GREENFIELD — Walking across the graduation stage to accept her diploma Saturday will likely be a sweeter experience for Caitlyn Gunn than many of her classmates.

She’s spent the past seven months in a wheelchair, unable to walk after an October car accident broke her neck, her back, every bone in her foot and kept her out of school for the much of her senior year.

On Saturday, she’ll use a walker to accept the certificate that signifies the end of one chapter and beginning of another.

Most of Gunn’s injuries have healed, but her foot has been in some sort of cast for months. Walking again won’t come easy. But she’s determined not to graduate from Greenfield-Central High School in a wheelchair.

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The October accident on County Road 300S near New Palestine sent her to an Indianapolis hospital, where she stayed for 10 days. She missed school the following two months as she recovered, finally returning after Christmas break.

Since then, she’s had two more surgeries, been to countless doctor appointments and missed about five weeks of school.

The accident could have derailed her, setting her back a semester. But it didn’t. The high school senior will graduate on schedule Saturday with an academic honors diploma and college credits.

Her teachers and counselors say it’s remarkable she’s graduating on time. Many students might have fallen behind if faced with similar challenges.

But Gunn doesn’t think she’s special. She never doubted she’d graduate on time. Her mother, Shana Gunn, knew she could do it, too.

Her daughter is stubborn. Once she’s set her mind to something, nothing can stop her, Shana Gunn said.

Gunn’s senior year started like many others. Summer ended, and her mind was set on one thing: graduation. She looked forward to finishing high school and starting college, where she’d be able to pick the classes she wanted to take and work toward a degree in counseling.

The Greenfield teenager was taking two dual-credit courses to earn college credits in English and speech. She was working at Kroger to save money for college.

On a Wednesday night in October, Gunn was driving on County Road 300S when an oncoming car crossed the center line.

At least, that’s what Gunn thinks happened. The other driver never stopped.

Gunn’s car flipped, hit a tree and landed on its passenger side.

Though she was conscious when emergency responders got to the scene, she doesn’t remember much about the accident — except seeing tail lights driving away.

After 10 days at Indiana University Health Methodist Hospital, she spent weeks at home recovering.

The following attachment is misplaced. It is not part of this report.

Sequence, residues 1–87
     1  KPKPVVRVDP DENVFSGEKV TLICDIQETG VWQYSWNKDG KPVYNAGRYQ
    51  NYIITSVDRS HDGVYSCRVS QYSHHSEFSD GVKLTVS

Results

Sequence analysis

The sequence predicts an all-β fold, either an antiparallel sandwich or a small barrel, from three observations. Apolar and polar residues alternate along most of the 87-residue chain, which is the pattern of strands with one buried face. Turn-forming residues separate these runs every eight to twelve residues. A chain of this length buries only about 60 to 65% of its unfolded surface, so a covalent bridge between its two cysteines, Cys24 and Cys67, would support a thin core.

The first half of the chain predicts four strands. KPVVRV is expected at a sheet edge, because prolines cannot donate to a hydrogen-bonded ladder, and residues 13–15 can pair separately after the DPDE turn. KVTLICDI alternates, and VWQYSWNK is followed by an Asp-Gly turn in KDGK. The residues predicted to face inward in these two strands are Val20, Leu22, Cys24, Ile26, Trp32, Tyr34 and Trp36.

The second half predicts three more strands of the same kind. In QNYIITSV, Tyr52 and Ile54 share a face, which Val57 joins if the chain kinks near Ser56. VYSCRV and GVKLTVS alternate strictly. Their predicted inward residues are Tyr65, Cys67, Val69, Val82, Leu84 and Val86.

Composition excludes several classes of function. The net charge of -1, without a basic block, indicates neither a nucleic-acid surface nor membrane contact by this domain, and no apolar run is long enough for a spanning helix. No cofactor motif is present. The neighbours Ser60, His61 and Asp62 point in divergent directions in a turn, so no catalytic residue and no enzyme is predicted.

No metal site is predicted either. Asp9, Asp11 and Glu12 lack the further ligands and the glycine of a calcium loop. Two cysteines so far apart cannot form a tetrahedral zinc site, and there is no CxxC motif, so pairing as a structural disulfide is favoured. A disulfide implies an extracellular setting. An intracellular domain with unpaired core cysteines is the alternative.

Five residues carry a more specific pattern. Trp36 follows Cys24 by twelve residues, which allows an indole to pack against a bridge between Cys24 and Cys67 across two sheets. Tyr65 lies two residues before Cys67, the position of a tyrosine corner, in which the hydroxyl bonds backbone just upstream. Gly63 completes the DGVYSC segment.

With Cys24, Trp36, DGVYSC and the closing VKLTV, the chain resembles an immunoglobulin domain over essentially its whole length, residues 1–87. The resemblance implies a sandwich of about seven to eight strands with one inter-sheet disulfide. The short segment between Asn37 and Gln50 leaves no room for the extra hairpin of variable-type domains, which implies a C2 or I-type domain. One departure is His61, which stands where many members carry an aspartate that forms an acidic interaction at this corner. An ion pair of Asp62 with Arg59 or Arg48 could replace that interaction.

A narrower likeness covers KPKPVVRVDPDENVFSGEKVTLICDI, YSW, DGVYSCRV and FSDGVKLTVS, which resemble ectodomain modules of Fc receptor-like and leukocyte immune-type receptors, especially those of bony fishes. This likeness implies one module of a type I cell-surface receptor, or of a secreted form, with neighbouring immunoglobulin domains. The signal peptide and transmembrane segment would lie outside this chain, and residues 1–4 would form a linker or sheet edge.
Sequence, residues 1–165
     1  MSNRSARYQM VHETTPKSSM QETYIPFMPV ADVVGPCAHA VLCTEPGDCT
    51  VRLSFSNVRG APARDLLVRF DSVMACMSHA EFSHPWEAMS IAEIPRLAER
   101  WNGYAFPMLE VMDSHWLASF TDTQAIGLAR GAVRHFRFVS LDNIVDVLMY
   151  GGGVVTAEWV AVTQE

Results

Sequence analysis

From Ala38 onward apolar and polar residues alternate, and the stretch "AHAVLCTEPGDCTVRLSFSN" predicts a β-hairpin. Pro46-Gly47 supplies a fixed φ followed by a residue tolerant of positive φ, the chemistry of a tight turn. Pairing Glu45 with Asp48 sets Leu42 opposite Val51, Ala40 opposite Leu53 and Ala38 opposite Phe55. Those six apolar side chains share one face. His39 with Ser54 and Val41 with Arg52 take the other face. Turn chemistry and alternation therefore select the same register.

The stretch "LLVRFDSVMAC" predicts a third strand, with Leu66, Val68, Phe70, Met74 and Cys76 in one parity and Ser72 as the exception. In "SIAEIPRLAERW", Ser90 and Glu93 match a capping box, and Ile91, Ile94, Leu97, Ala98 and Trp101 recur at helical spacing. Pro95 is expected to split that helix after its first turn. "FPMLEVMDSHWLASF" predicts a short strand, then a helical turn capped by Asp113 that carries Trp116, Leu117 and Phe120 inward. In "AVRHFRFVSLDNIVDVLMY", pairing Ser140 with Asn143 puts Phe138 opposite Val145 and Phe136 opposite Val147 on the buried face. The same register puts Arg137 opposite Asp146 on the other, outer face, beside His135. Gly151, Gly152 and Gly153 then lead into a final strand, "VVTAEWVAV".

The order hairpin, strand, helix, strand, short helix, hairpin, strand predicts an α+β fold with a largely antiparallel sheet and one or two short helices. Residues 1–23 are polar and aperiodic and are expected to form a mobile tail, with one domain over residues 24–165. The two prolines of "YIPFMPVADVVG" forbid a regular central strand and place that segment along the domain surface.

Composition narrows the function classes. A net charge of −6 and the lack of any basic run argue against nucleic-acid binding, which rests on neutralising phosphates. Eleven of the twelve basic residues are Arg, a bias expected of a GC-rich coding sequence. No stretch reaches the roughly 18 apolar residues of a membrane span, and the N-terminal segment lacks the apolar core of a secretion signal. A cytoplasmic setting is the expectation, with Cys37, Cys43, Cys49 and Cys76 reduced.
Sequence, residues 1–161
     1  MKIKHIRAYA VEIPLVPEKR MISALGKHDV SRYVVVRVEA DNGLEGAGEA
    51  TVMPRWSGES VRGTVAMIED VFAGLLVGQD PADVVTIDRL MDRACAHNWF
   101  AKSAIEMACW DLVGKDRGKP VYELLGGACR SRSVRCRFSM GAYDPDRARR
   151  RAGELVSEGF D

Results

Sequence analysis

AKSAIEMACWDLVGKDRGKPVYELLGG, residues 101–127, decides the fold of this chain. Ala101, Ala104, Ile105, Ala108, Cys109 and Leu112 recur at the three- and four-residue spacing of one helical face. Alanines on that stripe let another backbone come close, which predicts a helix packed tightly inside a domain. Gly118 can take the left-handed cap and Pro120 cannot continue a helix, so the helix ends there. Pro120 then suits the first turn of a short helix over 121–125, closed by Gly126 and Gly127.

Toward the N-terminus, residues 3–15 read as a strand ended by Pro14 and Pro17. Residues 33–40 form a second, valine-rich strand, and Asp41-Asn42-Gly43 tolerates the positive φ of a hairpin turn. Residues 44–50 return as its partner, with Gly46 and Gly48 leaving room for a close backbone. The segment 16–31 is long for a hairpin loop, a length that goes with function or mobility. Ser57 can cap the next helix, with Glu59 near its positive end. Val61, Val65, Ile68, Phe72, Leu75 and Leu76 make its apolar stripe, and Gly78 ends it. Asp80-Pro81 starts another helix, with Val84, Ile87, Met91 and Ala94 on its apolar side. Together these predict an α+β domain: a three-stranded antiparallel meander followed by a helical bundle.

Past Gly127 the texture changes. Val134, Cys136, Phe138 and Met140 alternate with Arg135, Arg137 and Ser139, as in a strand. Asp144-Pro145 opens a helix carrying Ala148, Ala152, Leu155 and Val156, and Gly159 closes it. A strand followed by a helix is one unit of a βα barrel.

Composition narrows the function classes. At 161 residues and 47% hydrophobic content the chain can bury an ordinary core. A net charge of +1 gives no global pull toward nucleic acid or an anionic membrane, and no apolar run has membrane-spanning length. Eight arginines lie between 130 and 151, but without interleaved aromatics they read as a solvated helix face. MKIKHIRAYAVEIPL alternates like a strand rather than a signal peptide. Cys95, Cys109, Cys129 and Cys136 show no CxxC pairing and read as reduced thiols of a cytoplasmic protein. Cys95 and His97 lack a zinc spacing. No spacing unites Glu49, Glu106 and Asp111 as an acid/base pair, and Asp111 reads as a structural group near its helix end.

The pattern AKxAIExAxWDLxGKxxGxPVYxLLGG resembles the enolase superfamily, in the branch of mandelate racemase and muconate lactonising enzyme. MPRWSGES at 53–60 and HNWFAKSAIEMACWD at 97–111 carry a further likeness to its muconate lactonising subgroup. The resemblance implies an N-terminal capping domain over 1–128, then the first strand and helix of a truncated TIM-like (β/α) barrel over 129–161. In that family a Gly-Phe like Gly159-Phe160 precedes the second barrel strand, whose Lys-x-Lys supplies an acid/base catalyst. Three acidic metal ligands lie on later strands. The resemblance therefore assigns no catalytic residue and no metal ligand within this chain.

Going back to school after being away was strange. Events had come and gone; classmates had made memories without her.

But getting back into a routine wasn’t hard, Gunn said.

In the months leading up to the end of her high school career, she took half-days and completed school work at home.

Even without a full course load, school days were mentally exhausting. Gunn usually fell asleep before dark, her mom said.

Gunn has trouble remembering little details since the accident. She spells words incorrectly and mixes up numbers, tasks she didn’t struggle with before.

Juggling the school work and doctor’s appointments as she works to recover hasn’t been easy for her daughter, Shana Gunn said, despite her daughter’s can-do attitude.

And there have been harrowing moments — even all these months later.

On a recent Monday, her mom checked Gunn out of school and rushed her to the hospital. A terrible headache made Shana Gunn fear her daughter was suffering a brain bleed.

Doctors didn’t find anything wrong with her immediately, but Gunn will undergo more brain testing this summer.

Through it all, she’s persevered.

“She’s learned how to tough it out,” Shana Gunn said.

Educators helped her navigate through her senior year to ensure she’d still receive her academic honors diploma despite the accident, said Assistant Principal Susie Coleman. Teachers extended deadlines, allowed her to work from home and worked with Gunn to complete assignments.

Through it all, she never complained, Coleman said.

“She just kept plugging along,” she said. “While life got in the way, she never let it be an obstacle.”

On Saturday, Coleman will be among the cheerleaders praying Gunn makes it across the stage without her wheelchair.

“She’s told me she’s walking,” Coleman said. “We’ll be there to help make that dream come true.”

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Samm Quinn is a reporter at the Greenfield Daily Reporter. She can be reached at 317-477-3275 or squinn@greenfieldreporter.com.